What worms tell you about your soil.
When you see worms in soil you can be sure that the quality of the soil is excellent. It will be rich in organic matter and valuable nutrients. It will be well aired with good drainage.
Where there is an abundance of worms in the soil plants will be healthy and sturdy, flowers will be more colourful and plentiful and fruit and vegetables will taste better and be more nutritious.
The question that is sometimes asked is this - is this good soil the result of the worm population or are the worms there because the soil is good quality?
There is no clear answer to this because the two are so inter-dependent; they are like the chicken and the egg dilemma. One is not possible without the other.
In soil where worms are absent you may have assumed that the soil is poorly drained and lacking in organic matter. You may also have assumed that the nutrient content was poor.
These assumptions are probably right but the other possibility of course is that the soil is of good quality but the worms have been removed or destroyed by the New Zealand Flat Worm. This worm thrives in the climate of the British Isles and has done untold damage to the native earthworm population here.
The Flat Worm has not posed the same threat in its native country because it cannot tolerate a hot climate and exists there only in shaded and damp areas around trees and bushes. Unfortunately no such restrictions apply here and the flat worm has been free to move and breed at considerable speed.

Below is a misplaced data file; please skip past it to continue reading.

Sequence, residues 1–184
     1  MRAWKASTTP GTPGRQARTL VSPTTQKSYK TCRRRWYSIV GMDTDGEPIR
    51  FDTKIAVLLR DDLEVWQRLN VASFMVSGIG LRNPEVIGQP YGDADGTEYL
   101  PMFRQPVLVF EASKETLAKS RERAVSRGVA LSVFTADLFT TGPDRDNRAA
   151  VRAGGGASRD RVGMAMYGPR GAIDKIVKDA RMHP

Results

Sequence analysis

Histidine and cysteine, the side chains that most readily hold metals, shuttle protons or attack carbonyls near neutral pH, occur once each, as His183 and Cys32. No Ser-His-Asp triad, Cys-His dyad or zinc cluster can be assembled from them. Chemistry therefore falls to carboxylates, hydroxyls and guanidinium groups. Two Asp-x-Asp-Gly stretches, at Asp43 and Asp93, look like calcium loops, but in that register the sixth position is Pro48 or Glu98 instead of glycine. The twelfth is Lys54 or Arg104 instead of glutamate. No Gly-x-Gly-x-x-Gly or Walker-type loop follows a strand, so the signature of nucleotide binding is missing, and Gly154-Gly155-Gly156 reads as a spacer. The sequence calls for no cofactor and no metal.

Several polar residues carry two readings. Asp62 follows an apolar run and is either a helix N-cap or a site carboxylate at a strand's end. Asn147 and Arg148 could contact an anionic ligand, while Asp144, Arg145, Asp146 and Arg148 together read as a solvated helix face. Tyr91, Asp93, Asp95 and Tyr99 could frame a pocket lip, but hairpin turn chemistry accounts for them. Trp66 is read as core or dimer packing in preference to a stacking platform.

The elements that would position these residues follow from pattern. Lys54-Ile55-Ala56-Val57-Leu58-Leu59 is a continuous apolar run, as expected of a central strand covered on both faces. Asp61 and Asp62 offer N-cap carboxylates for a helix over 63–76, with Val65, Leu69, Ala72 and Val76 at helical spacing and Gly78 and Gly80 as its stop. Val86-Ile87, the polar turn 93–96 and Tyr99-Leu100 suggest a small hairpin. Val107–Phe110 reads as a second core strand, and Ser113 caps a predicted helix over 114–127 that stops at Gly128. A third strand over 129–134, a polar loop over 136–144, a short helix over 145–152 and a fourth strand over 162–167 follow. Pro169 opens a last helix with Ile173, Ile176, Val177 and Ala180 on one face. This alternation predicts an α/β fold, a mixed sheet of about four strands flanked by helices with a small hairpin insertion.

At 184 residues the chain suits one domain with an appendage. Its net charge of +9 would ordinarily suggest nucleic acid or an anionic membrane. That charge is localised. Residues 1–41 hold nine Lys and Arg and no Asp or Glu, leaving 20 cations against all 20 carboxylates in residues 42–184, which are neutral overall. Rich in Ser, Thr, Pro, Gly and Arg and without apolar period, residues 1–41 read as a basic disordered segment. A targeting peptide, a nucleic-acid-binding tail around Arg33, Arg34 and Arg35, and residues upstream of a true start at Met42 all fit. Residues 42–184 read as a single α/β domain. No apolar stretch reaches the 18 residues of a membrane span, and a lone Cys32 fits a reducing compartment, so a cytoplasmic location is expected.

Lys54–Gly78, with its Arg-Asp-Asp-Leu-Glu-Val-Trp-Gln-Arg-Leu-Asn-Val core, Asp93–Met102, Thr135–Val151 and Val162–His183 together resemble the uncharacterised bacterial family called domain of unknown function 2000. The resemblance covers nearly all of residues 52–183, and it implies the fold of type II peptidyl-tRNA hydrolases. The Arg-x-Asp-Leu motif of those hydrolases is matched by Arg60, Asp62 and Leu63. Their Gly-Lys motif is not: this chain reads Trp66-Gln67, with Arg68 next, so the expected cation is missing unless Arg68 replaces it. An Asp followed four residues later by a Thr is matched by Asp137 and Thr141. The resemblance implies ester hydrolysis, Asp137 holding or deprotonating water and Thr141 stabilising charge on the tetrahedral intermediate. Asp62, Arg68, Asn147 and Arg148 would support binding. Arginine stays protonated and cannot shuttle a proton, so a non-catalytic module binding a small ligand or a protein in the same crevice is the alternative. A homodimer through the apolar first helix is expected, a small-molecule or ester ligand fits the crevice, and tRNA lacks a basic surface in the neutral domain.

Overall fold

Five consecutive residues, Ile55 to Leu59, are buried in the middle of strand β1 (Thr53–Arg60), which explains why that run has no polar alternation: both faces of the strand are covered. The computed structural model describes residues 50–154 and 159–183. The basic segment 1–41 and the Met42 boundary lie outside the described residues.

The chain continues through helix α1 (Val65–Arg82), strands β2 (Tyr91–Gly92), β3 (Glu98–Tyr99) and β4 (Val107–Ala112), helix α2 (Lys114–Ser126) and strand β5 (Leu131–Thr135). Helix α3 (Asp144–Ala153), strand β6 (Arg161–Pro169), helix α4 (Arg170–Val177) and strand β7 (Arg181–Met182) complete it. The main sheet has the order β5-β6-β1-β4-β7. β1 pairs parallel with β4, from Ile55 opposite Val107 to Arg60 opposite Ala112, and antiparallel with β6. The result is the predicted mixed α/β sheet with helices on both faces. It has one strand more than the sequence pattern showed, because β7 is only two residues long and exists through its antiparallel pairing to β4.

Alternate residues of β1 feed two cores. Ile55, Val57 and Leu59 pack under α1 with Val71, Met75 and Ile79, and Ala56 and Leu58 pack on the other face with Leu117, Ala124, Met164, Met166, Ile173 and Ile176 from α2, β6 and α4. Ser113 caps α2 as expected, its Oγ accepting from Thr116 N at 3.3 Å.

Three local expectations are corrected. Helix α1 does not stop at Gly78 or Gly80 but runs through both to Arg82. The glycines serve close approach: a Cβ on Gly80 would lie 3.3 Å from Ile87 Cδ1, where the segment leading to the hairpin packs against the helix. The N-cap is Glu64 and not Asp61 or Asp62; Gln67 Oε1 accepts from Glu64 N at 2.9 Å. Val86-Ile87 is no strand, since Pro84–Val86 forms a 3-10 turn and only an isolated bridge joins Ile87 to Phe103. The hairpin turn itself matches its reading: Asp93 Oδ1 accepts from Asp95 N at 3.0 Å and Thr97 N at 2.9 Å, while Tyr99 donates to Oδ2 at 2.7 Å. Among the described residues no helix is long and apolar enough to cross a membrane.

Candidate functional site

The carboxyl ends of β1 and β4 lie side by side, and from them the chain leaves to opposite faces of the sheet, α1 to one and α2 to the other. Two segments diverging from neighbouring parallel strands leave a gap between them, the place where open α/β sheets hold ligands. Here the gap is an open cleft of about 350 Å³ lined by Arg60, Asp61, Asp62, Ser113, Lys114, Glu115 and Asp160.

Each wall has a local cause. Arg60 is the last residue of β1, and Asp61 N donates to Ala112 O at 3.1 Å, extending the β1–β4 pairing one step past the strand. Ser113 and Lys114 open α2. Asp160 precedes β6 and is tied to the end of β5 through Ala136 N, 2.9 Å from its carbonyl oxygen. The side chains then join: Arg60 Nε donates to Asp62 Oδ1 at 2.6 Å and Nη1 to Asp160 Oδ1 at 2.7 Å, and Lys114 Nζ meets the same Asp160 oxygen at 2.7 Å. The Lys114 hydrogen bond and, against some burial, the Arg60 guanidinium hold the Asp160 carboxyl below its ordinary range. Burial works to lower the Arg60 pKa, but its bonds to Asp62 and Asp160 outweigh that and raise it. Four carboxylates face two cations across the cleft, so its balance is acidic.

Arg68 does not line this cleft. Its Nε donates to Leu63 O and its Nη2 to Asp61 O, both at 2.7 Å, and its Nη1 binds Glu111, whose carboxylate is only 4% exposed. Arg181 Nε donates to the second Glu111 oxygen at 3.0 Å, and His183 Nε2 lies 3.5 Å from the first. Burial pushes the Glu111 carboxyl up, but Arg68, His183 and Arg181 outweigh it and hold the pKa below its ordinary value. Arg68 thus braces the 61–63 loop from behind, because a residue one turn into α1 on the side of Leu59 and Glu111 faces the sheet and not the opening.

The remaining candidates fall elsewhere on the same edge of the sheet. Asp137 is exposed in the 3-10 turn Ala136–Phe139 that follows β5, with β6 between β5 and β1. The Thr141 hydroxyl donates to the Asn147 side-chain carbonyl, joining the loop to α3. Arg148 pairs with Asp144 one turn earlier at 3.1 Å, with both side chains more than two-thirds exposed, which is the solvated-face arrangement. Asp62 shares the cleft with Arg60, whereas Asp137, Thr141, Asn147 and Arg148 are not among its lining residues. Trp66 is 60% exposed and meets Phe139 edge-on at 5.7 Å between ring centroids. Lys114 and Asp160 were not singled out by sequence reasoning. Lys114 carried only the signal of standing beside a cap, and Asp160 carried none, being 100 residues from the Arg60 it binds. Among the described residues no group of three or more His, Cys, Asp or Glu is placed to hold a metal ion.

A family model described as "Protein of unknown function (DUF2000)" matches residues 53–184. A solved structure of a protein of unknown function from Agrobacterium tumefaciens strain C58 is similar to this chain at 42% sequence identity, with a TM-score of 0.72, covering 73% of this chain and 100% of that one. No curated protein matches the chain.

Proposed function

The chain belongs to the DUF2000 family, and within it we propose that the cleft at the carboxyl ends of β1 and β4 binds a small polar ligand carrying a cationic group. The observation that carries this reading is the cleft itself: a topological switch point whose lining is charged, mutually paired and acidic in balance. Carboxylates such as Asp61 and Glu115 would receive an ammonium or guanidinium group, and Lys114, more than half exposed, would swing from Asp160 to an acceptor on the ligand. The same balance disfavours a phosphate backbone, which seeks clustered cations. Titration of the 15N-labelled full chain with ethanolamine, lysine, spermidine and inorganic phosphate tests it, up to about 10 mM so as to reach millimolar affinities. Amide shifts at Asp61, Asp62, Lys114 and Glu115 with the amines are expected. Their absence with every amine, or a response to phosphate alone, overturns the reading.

Talking to local farmers they have told me how the sea gulls used to follow the plough for the rich picking of earthworms. But the sea gulls do not do this any more because the worms are not in the ground.
Whatever the reason for a lack of worms in your soil adding worms will bring benefits. The benefits will be increased where organic matter such as compost or manure is added. The worms can be placed in the soil about three quarters of a spade in depth with some worm bedding. For more details on adding worms to your soil you can read the article “Worms - Fertilise your soil the natural way with burrowing earthworms!" on our site.
Another excellent feed is worm cast – it is excellent for breaking up heavy clay soil and aerating the ground. You will notice when you added worm cast to your ground that after a while it sinks down a couple of inches as it makes it way down into the earth.
Worm cast is also excellent mulch. It will help keep weeds down and it gives the flower beds a fresh well groomed appearance.
Leansmount Worms grow and supply worms for soil improvement and worms for composting. Our fishing worms are large and healthy.